Wednesday, January 9, 2013

All the Frills

Back in September, I decided it was time to make a new headdress. I'd been inspired by Elina's teaser photos of her frilled hood, and had wanted to make one anyway, so I set out to make it a reality.

It didn't work out as planned.

Though I had done considerable math, my linen strips still came up quite short after pleating. I also failed to account for the discrepancy between the curve required for the lowest layer versus the top layer, so the ends where not lining up properly. Not to mention that the linen I used, leftover from the lining of my pink cote, was really too heavy for this purpose.

A true shame, really, since the pleats were turning out quite lovely.

So I scrapped that idea.

Then I saw that Elina had a new set of frills inspired by a set created by Cathrin Åhlén. Thankfully, Cathrin posted her how-to on her blog!

Cathrin's premise for her lovely frills is that narrower bands would create frills so tight and small that starching was unnecessary. This seemed like a perfectly reasonable premise to me. But what threw me was when she stated that her strips measured about 6 meters all told. That's about 20 feet!

So I had to run an experiment to wrap my mind around needing that much length. I also wanted to see if the gauze linen I've had kicking around would work for this technique.

After following Cathrin's directions, I had a cute little frill length. And the clarification that nearly 20 feet of linen was not unreasonable.

The gauze proved difficult to work with as a long strip, since the open weave and narrow width made it susceptible to ripping. I had to remove and replace the fourth strip before I'd even finished hemming the 2nd. It would have been better to sew each individually first, then sew their ends together.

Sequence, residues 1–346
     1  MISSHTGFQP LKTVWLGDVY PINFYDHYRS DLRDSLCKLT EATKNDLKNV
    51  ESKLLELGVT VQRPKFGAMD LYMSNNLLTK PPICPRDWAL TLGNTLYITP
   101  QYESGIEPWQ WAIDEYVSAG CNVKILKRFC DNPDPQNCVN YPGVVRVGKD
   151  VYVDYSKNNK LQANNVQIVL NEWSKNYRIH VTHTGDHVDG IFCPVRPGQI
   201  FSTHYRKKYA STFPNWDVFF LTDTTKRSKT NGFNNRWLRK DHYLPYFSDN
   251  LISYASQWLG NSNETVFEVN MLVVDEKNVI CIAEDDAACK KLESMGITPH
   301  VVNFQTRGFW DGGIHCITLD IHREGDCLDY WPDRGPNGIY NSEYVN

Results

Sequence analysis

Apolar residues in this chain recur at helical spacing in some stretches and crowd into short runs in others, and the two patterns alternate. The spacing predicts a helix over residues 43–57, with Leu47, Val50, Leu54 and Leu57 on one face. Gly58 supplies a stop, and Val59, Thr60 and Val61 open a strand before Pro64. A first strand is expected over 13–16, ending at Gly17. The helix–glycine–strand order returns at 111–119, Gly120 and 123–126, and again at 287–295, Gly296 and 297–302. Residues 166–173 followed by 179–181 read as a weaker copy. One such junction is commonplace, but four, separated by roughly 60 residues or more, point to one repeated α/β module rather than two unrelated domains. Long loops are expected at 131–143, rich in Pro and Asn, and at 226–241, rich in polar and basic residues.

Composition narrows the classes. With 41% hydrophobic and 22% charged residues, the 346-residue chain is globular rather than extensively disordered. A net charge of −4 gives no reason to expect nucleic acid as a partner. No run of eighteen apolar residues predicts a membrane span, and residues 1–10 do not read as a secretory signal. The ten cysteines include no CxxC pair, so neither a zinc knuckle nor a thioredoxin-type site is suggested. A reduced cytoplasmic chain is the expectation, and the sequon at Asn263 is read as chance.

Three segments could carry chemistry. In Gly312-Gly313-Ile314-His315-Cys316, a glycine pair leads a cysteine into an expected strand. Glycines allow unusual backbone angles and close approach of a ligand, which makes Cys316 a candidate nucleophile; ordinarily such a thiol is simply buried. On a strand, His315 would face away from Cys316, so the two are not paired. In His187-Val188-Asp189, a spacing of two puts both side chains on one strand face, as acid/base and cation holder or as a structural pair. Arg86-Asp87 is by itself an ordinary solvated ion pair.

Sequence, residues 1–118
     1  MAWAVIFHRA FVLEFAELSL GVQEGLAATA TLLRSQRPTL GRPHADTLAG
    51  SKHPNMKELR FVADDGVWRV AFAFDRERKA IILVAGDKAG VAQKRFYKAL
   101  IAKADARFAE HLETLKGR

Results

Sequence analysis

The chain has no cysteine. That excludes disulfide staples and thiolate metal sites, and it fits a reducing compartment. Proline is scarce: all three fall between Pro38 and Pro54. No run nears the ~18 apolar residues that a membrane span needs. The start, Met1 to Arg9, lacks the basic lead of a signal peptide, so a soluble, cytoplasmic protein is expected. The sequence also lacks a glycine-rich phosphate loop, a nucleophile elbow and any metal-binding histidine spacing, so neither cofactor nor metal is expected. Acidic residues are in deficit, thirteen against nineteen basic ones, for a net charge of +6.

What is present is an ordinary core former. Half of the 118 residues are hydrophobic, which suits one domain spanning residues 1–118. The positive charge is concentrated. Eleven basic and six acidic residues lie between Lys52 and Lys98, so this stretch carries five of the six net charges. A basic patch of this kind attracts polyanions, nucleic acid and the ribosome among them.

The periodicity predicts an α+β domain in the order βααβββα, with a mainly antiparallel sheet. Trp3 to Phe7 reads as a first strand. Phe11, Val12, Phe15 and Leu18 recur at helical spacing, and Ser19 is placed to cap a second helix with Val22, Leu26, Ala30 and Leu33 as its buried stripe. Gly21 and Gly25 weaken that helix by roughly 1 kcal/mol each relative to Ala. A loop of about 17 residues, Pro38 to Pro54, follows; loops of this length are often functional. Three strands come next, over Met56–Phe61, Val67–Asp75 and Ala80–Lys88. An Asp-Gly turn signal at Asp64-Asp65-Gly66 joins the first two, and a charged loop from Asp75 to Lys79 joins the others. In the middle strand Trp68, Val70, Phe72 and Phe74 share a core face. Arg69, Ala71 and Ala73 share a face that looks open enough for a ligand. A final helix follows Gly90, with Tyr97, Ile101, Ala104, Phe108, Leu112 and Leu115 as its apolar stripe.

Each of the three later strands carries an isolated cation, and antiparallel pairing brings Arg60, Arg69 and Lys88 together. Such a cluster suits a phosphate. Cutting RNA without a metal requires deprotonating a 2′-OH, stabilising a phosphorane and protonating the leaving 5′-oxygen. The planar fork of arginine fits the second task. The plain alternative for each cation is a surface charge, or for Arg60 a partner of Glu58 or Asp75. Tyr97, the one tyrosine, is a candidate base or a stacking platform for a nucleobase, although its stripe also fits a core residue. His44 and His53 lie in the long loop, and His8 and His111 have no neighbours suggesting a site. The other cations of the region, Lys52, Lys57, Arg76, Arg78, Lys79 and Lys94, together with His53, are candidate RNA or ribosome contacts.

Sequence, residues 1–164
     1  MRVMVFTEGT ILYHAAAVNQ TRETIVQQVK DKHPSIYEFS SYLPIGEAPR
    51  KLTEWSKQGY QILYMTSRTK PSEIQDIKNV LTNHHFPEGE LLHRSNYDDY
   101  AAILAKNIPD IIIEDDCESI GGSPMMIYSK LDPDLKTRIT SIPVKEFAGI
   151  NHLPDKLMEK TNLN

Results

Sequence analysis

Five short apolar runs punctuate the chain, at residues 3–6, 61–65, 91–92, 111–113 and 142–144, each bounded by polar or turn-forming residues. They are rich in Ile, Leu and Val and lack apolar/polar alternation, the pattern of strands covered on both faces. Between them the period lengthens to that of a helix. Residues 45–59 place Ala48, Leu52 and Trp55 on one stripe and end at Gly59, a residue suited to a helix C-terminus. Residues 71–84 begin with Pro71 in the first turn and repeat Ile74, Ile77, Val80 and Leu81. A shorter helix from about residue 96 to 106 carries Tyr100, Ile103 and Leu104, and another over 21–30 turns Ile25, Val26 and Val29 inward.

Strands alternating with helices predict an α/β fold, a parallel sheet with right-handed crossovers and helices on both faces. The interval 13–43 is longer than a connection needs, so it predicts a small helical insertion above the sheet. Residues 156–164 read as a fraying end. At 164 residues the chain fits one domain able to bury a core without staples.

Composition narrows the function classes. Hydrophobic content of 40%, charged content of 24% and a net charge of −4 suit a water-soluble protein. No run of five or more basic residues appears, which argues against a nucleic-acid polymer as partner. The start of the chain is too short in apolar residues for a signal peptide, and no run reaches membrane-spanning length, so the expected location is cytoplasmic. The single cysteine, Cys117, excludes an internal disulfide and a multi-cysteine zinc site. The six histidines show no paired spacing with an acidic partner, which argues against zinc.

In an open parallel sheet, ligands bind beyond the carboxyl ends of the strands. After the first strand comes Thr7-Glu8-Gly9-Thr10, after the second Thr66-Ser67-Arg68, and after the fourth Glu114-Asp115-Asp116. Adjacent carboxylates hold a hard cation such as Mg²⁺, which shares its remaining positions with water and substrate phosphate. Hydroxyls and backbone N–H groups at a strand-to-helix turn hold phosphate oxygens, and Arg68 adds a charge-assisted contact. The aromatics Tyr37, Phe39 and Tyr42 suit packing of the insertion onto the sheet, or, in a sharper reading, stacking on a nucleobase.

As I sewed along, using a small running stitch to make quick work of it, I got a bit frustrated by how wobbly my hem was. It wasn't terribly wobbly, but since I'd gone through the painstaking effort of cutting the gauze on grain (which is impossible to do on gauze linen without pulling threads as a guide (thanks again to Cathrin for the idea!)), it was irritating that my hem was not consistent.

I decided to just finish the frill and leave it as a single piece to add to other items, just as Cathrin and Elina had done. I used more of the gauze to bind the pleats, but the light weight linen isn't sturdy enough to straighten the frills. I tried some machine sewing to make the binding sturdier, but even with a zipper foot, it was too difficult to actually get a straight line. I decided to just leave it and experiment with basting into place on other things to find out if it was really necessary to do anything more with it.

I particularly liked the idea of attaching it to my huvet and wearing my hood over it. Which is probably not incredibly accurate, but....

Cute. But still not quite what I was intending. So it's back to the drawing board on the frilled hood, though this set will certainly tie me over in the meantime.

1 comment:

  1. Ooo - more frilled veils! I quite like your unattached frills. They look suitably fluffy and I can see that being no-fuss weather-proof would be handy.

    For other possible ideas, have you seen this lady's version:

    It is also starch-free, I think.